The sun sets on a backroad near Kalifornsky Beach Road on Dec. 21, 2021. New regulations allowing all-purpose vehicles on some roads go into effect Jan. 1, 2022. (Photo by Ashlyn O’Hara/Peninsula Clarion)

The sun sets on a backroad near Kalifornsky Beach Road on Dec. 21, 2021. New regulations allowing all-purpose vehicles on some roads go into effect Jan. 1, 2022. (Photo by Ashlyn O’Hara/Peninsula Clarion)

New rules kick in for all-purpose vehicles Saturday

ATVS, other all-purpose vehicles allowed on certain roads starting Jan. 1.

A new state policy allowing all-purpose vehicles on some public roads goes into effect Saturday.

The policy, announced by Gov. Mike Dunleavy, applies to public roads with speed limits of 45 mph unless otherwise prohibited by municipalities, which can opt-out of the relaxed rules.

Even with the new state policy in place, all-purpose vehicles will continue to be prohibited on all roads within the city limits of Kenai and Soldotna. Kenai Peninsula Borough Attorney Sean Kelley told the Clarion last month that the borough does not restrict the use of all-purpose vehicles on public roads, as the borough does not have criminal law enforcement or police protection powers.

The regulations drew safety concerns when first proposed earlier this year, but were give the final green light in October.

Soldotna City Manager Stephanie Queen said Wednesday that people operating all-purpose vehicles near Soldotna’s urban areas are encouraged to be cautious. Once the policy goes into effect, she said, the city will have a better understanding of how many people are taking advantage of the change and whether further action is needed on the city’s part.

“We’re all just going to learn the demand,” Queen said Wednesday.

The State of Alaska defines all-purpose vehicles as any self-propelled device that is on wheels or tracks that come in contact with the ground, such as four-wheelers, all terrain vehicles, utility terrain vehicles or side-by-sides. Snowmachines and hovercrafts are still prohibited under the new regulations.

Anyone operating an all-purpose vehicle is required to have a valid driver’s license, standard motor vehicle registration for the vehicle, front and rear license plates and insurance. Additionally, all vehicles must have a headlight, one rear-facing red light, one rear-facing red reflector and one rear-facing red brake light. The vehicle must also have brakes, a muffler, a carburetor and a throttle.

Like other vehicles, all-purpose vehicles are required to follow all traffic laws and can be pulled over by an Alaska State Trooper or local police officer. Drivers will not be required to wear helmets while operating all-purpose vehicles, but passengers will. If the vehicle has seat belts, all riders will be required to wear them.

Reach reporter Ashlyn O’Hara at

More in News

Peter Segall / Juneau Empire
Members of the Alaska House of Representatives on Saturday rejected the budget bill passed by the Senate earlier in the week. The bill will now go to a bicameral committee for negotiations, but the end of the legislative session is Wednesday.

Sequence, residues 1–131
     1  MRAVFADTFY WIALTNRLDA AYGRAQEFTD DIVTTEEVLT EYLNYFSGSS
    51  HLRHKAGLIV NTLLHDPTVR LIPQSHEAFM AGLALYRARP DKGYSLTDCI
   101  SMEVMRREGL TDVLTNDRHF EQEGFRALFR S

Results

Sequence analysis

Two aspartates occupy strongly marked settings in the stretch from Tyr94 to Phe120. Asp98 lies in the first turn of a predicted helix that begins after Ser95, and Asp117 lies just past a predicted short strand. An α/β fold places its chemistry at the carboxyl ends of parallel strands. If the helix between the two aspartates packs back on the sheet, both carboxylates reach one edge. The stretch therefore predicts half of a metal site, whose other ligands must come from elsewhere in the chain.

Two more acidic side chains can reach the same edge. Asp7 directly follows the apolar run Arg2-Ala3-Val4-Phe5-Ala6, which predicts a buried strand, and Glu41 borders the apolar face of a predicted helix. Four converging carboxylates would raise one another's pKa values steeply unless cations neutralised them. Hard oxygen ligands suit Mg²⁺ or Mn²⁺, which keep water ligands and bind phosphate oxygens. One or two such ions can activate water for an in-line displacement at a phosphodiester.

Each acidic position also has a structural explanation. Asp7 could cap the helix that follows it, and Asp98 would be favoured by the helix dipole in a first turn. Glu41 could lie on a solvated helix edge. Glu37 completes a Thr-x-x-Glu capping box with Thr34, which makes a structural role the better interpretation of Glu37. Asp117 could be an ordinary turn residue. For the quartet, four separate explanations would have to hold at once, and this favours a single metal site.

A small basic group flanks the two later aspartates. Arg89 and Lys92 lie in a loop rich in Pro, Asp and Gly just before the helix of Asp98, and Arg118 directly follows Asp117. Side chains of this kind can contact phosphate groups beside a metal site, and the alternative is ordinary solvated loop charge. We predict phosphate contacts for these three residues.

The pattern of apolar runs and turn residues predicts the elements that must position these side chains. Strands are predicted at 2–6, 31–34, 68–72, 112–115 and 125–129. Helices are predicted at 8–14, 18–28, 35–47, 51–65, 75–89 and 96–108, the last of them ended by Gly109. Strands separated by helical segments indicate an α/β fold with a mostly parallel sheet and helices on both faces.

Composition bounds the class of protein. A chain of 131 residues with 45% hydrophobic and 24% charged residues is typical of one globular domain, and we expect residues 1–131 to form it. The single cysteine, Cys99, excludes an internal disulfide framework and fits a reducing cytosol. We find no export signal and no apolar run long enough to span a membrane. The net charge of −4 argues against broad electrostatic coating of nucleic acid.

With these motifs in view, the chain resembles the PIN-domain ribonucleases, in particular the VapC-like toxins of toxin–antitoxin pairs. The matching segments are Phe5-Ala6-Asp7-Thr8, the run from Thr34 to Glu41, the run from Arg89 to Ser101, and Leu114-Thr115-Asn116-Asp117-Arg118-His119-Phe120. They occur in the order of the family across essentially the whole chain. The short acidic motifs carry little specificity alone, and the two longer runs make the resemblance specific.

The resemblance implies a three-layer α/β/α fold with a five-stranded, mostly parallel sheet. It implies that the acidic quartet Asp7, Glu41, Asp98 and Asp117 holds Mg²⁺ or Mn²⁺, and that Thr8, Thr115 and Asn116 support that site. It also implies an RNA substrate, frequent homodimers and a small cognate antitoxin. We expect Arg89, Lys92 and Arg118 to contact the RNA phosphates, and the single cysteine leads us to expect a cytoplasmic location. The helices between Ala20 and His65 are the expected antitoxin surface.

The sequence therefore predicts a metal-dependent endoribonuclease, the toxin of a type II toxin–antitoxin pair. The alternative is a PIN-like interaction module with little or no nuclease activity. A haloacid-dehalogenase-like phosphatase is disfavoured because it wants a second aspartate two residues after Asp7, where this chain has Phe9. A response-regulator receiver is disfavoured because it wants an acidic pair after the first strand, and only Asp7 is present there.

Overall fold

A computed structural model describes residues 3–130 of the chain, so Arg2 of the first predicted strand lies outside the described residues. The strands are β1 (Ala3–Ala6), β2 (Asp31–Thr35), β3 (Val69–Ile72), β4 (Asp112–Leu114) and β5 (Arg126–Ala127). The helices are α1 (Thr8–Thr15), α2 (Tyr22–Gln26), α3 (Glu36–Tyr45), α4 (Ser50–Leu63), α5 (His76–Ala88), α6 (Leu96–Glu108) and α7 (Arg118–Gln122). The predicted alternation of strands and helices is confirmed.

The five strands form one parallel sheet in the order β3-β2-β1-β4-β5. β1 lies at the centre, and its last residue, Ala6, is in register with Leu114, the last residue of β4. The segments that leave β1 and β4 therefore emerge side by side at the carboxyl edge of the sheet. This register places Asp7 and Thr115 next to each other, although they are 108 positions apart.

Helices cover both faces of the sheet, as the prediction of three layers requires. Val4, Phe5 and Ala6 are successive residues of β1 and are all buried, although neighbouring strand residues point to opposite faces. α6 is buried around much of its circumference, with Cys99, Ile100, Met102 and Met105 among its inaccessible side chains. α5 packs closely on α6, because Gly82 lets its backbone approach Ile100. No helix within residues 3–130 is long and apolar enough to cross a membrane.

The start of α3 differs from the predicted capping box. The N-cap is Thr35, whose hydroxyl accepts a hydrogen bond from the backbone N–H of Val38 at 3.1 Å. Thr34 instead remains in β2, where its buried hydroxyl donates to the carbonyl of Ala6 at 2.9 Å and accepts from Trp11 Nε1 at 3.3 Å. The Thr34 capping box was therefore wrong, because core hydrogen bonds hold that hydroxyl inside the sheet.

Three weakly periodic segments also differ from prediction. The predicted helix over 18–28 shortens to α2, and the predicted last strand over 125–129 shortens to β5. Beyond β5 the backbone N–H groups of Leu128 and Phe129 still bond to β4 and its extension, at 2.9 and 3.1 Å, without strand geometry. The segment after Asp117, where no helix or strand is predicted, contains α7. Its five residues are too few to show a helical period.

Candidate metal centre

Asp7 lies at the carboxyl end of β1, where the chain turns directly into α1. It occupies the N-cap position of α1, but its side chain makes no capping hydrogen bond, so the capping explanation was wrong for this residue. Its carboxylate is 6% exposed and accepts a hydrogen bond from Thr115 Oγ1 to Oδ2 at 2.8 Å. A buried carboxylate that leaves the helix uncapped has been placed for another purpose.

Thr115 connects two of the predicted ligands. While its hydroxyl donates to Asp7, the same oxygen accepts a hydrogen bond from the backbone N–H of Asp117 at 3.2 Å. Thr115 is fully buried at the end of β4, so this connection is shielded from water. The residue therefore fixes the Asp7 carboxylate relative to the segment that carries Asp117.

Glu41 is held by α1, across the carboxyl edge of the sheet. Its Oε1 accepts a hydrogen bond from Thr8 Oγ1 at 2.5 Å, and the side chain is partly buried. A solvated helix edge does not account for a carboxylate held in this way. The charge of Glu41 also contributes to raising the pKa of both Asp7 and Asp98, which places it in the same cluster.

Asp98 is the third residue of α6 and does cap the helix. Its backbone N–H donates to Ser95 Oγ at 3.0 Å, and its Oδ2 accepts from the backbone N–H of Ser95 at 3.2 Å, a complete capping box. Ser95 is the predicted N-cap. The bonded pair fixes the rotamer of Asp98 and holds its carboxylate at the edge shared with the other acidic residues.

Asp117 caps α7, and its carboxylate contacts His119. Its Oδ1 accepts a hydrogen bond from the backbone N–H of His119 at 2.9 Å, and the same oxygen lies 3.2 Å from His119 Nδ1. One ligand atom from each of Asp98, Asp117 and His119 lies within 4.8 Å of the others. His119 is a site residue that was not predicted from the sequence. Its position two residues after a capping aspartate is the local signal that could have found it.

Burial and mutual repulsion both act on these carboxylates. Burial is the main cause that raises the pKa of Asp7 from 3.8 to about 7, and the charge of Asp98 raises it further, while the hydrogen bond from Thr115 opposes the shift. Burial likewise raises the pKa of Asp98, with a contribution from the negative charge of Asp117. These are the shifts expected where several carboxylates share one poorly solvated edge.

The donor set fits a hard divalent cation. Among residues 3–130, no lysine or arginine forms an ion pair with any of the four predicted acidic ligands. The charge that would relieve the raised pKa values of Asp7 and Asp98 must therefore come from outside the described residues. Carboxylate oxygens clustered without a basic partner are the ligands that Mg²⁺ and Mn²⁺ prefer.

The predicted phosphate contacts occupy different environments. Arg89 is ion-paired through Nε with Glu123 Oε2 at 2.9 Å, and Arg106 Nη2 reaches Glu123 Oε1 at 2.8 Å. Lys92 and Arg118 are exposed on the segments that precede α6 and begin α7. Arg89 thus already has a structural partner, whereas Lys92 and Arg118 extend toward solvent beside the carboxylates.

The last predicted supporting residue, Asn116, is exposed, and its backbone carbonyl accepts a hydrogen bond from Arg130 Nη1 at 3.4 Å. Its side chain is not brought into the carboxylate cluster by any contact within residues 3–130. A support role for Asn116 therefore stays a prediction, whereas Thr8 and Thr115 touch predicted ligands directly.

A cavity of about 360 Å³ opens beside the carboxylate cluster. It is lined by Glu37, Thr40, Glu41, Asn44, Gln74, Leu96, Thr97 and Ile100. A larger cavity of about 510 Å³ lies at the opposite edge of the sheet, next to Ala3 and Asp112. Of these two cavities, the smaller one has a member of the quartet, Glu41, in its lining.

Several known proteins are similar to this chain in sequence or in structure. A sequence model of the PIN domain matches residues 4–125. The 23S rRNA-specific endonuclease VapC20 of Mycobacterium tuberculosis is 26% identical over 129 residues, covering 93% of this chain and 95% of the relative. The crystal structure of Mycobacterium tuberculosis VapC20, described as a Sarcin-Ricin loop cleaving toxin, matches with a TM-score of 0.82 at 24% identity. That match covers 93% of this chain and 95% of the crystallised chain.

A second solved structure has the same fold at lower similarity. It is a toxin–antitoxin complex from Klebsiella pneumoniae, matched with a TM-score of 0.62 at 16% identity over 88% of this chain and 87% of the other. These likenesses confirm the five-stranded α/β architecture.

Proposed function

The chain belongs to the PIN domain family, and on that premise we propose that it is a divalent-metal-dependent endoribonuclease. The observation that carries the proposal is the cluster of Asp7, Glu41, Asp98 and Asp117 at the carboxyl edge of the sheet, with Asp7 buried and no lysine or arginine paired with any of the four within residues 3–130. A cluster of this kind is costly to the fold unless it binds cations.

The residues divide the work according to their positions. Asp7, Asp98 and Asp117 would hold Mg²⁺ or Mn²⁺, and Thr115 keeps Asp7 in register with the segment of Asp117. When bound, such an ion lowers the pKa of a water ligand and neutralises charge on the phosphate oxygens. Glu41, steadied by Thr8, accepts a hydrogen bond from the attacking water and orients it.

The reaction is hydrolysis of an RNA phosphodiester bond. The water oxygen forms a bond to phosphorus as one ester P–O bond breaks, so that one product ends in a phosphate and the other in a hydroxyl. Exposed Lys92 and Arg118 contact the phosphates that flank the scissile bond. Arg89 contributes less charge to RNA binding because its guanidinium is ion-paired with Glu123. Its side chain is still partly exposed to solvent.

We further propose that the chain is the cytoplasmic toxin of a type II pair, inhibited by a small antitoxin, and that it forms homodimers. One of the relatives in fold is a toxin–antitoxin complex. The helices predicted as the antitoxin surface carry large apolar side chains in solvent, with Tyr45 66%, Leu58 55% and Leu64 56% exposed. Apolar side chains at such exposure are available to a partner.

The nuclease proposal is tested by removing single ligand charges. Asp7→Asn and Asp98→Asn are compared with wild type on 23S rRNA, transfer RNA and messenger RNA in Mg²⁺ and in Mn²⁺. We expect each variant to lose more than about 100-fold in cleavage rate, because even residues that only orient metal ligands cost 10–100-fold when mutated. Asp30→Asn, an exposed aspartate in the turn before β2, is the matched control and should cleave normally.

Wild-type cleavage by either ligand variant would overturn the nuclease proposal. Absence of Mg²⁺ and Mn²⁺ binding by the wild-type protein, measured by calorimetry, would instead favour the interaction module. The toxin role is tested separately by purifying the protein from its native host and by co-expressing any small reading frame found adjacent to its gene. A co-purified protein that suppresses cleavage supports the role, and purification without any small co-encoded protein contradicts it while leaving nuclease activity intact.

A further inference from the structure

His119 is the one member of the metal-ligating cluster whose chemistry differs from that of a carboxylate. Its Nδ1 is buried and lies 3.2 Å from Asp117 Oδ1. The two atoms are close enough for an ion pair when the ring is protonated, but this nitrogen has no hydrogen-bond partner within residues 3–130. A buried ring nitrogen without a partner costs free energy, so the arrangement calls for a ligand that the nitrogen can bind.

House votes down Senate’s budget as end of session nears

State budget now goes to negotiating committee

Peter Segall / Juneau Empire
Candidate for Alaska’s lone seat in the U.S. House of Representatives Tara Sweeney, a Republican, was in Juneau on Monday and sat down with the Empire for an interview. Sweeney said the three main pillars of her campaign are the economy, jobs and healthy communities.
Sweeney cites experience in run for Congress

GOP candidate touts her history of government-related work

One tree stands in front of the Kenai Post Office on Thursday, May 12, 2022, in Kenai, Alaska. (Ashlyn O’Hara/Peninsula Clarion)
Kenai taking down hazard beetle trees

The city hopes to leverage grant funds for most of the work

Former Alaska governor and current congressional hopeful Sarah Palin speaks with attendees at a meet-and-greet event outside of Ginger’s Restaurant on Saturday, May 14, 2022, in Soldotna, Alaska. (Ashlyn O’Hara/Peninsula Clarion)
Palin brings congressional bid to Soldotna

The former governor took time Saturday to sign autographs and take pictures with attendees

In this October 2019 photo, Zac Watt, beertender for Forbidden Peak Brewery, pours a beer during the grand opening for the Auke Bay business in October 2019. On Sunday, the Alaska House of Representatives OK’d a major update to the state’s alcohol laws. (Ben Hohenstatt / Juneau Empire File)
Graphic by Ashlyn O'Hara
Borough, school district finalizing $65M bond package

Efforts to fund maintenance and repairs at school district facilities have been years in the making

Peter Segall / Juneau Empire
Members of the House Majority Coalition spent most of Friday, May 13, 2022, in caucus meetings at the Alaska State Capitol, discussing how to proceed with a large budget bill some have called irresponsible. With a thin majority in the House of Representatives, there’s a possibility the budget could pass.
State budget work stretches into weekend

Sessions have been delayed and canceled since Wednesday

Peter Segall / Juneau Empire
Alaskans for Better Government members La quen náay Liz Medicine Crow, Richard Chalyee Éesh Peterson and ‘Wáahlaal Gidáak Barbara Blake embrace on the floor of the Alaska State Senate following the passage of House Bill 123, a bill to formally recognize the state’s 229 federally recognized tribes.
Tribal recognition bill clears Senate, nears finish line

Senators say recognition of tribes was overdue

The Alaska Division of Forestry’s White Mountain crew responds to a fire burning near Milepost 46.5 of the Sterling Highway on Tuesday, May 10, 2022, near Cooper Landing, Alaska. (Photo courtesy Cooper Landing Emergency Services)
Officials encourage residents to firewise homes

The central peninsula has already had its first reported fires of the season

Most Read